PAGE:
Few things are quite as irritating as coming across on page 487 a passage that would have, if encountered earlier, led one to heave the book into the wastepaper basket and get on with one's life.
He draws on his decidedly arcane knowledge of popular culture history to give me an example.Three second's thought suffices to indicate that Booth did not say that Theda Bara was a close anagram of 'death arrow' but rather that it was a precise anagram of 'arab death'. Because
"There was a rumor that the the silent-film actress Theda Bara chose her name because it was a close anagram of 'death arrow'. That had nothing to do with it, it was simply that she was Theodosia Goodman and needed a new name and chose Theda Bara. But even if she didn't have the slightest intention for it, the 'death arrow' rumor affected the way audiences saw her. (I couldn't help wondering if there was an intentional or inadvertent linkage between 'death arrow' and "Shake-speare")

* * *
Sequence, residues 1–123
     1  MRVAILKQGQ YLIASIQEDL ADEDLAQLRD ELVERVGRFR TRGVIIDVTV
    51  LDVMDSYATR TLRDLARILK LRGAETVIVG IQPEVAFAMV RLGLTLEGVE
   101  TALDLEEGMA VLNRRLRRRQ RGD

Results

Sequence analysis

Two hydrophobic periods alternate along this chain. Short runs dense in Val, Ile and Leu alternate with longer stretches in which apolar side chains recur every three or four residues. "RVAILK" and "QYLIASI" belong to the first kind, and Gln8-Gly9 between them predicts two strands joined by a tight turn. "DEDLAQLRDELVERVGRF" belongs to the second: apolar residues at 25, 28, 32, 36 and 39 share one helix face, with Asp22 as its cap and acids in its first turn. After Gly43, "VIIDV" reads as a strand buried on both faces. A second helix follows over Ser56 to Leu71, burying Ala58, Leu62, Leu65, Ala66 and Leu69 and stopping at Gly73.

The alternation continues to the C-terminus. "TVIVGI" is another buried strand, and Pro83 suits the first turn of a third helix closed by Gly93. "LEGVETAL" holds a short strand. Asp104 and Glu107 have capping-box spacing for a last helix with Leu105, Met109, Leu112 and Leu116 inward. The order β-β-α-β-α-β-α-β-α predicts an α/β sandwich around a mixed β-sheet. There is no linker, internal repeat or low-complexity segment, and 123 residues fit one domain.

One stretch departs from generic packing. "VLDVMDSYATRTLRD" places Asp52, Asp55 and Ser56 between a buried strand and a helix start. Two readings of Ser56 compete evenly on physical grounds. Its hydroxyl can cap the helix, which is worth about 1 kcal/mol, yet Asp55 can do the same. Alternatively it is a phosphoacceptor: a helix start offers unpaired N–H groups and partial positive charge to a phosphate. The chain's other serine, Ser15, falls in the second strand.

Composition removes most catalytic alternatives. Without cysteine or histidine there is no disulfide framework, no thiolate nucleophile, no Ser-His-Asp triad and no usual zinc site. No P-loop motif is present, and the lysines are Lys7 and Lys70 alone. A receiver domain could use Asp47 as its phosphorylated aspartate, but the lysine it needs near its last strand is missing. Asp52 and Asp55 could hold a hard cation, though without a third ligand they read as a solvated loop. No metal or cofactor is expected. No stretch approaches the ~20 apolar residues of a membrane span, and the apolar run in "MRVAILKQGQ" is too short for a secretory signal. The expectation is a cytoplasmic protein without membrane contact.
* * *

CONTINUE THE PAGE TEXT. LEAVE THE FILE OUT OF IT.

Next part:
(a) it is,
(b) there is no such thing as a 'close anagram' and never has been,
(c) the rumor was, in fact, historically, that Theda Bara was an anagram of 'arab death';
"In promoting the 1917 film Cleopatra, Fox Studio publicists noted that the name was an anagram of Arab death"
What, then, can one deduce from this episode of crystalline vacuity?
1) you don't think about what you write;
2) you don't keep adequate notes of your interviews:
3) absolutely everything touches off an occasion for the exercise of your conviction that your lightest thought is worthy of print.
I acknowledge that the fault is partly mine. I had, after all, read as far as page 487.
I trust that you will be prepared to take on the remainder of the responsibility for my wasted time.
The silent screen vamp Theda Bara
Was born in the desert Sahara
It was, was it not,
The Oasis of Tuat,
And what, one might ask, could be fairer?